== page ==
DEYLAM, BANDAR-E, a port on the Persian Gulf (30° 3’ N, 50° 9’ E) in the province of Būšehr at an elevation a little above 1 m. The town is situated in a coastal plain, 10 km north of the cape of Tonūb, 72 km south of Behbahān and 217 km northwest of Būšehr. The climate is warm and humid. The shallow harbor is now unsafe, and larger ships cannot dock there at all.
There are few historical references to Bandar-e Deylam, which is located near the ruined medieval towns of Sīnīz and Mahrūbān (sometimes called Mahrūyān; Hodūd al-ʿālam tr. Minorsky, pp. 127, 377-78); a Persian traveler during the reign of Moḥammad Shah Qajar (r. 1250-64/1834-48) provided the following description: “The population of Bandar-e Deylam is one hundred households. All the houses are made of stone and brick. The fort is built in the shape of a square, each side being a hundred ḏarʿs long [1 ḏarʿ=1.04 m]. Bandar-e Deylam is where the borders of Fārs, Ḵūzestān, and Baḵtīārī used to meet [1994 borders]. It is a thoroughfare for Arabs and Lors” (Āl-e Dāwūd, pp. 85-86).
The ancient ruins of Mahrūbān are located 10 km from the port. They occupy an area 4.3 by 1 km and include remains of the corners and foundations of the fortifications, of three large caravansaries, and of the congregational mosque (Eqtedārī, 1348 Š./1969, pp. 3-4). Traces of the old Dutch fortress at Tonūb, with workshops and other installations, are also still visible (Eqtedārī, 1359 Š./1980, p. 751).
In 1365 Š./1986 the population of Bandar-e Deylam was 12,947 (2,247 households); the literacy rate among the 10,117 people six years old and older was 66 percent (Markaz-e āmār, p. 18). They speak Persian, and most are Twelver Shiʿites. Most of the inhabitants are engaged in dry farming, animal husbandry, hunting, forestry, and fishing. A few are employed in industry and construction or on a seasonal basis in the countries of the Persian Gulf littoral. The chief products of the region are grain and dates (see DATE PALM). Bandar-e Deylam has electricity, piped water, a telephone network, and most government services.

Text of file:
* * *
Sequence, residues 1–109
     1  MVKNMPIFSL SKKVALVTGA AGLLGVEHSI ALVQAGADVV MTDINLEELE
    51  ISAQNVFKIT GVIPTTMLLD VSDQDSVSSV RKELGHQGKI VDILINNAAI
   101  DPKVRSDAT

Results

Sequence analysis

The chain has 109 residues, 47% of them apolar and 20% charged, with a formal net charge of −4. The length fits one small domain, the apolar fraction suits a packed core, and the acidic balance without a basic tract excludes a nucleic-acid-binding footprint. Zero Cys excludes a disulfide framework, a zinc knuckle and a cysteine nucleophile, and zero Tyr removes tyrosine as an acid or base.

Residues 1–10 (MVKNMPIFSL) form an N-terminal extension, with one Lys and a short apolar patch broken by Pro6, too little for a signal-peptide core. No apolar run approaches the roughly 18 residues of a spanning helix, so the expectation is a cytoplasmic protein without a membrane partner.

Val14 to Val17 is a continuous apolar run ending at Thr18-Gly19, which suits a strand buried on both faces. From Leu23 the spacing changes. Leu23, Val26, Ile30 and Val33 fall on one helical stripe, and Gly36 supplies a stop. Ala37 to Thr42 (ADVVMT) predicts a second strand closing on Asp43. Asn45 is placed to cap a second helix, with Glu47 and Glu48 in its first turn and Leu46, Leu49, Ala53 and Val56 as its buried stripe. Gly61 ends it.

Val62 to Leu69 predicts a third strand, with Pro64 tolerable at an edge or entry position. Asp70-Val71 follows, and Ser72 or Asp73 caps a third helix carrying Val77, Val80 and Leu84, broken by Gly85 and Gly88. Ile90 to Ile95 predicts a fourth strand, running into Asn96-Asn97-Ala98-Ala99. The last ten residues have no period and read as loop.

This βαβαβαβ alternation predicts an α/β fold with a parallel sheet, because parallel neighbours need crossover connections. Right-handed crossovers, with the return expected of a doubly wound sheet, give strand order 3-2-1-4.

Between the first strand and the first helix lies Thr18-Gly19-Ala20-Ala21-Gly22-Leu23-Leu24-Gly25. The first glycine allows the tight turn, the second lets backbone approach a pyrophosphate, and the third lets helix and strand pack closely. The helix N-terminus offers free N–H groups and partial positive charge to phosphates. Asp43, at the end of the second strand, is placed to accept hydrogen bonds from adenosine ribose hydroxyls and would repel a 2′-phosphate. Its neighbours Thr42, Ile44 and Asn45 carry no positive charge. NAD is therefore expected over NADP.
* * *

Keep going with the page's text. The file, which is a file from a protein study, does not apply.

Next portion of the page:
(For cited works not found in this bibliography and abbreviations found here, see “Short References.”) S. ʿA. Āl-e Dāwūd, ed., Do safar-nāma az jonūb-e Īrān, Tehran, 1368 Š./1989.
A. Eqtedārī, Āṯār-e šahrhā-ye bāstānī-e sawāḥel o jazāyer-e ḵalīj-e Fārs o daryā-ye ʿOmān, Tehran, 1348 Š./1969, pp. 3-5.
Idem, Ḵūzestān o Kohgīlūya o Mamasanī III, Tehran, 1359 Š./1980, pp. 750-51.
ʿA. Farajī et al., Joḡrāfīā-ye kāmel-e Īrān I, Tehran, 1366 Š./1987, p. 439.
Jehād-e sāzandagī, Farhang-e ejtemāʿī-e dehāt o mazāreʿ-e ostān-e Būšehr, Tehran, 1363 Š./1984, p. 34.
Markaz-e āmār-e Īrān, Sar-šomārī-e ʿomūmī-e nofūs o maskan, 1365. Šahrestān-e Ganāva, Tehran, 1365 Š./1986.
Idem, Farhang-e ābādīhā-ye kešvar, Tehran, ***, p. 16.
M.-Ḥ. Pāpolī Yazdī, Farhang-e ābādīhā wa makānhā-ye maḍhabī-e kešvar, Mašhad, 1367 Š./1989, p. 106.
(Sayyed ʿAlī Āl-e Dāwūd)
Originally Published: December 15, 1994
Last Updated: November 22, 2011
This article is available in print.
Vol. VII, Fasc. 3, pp. 335-336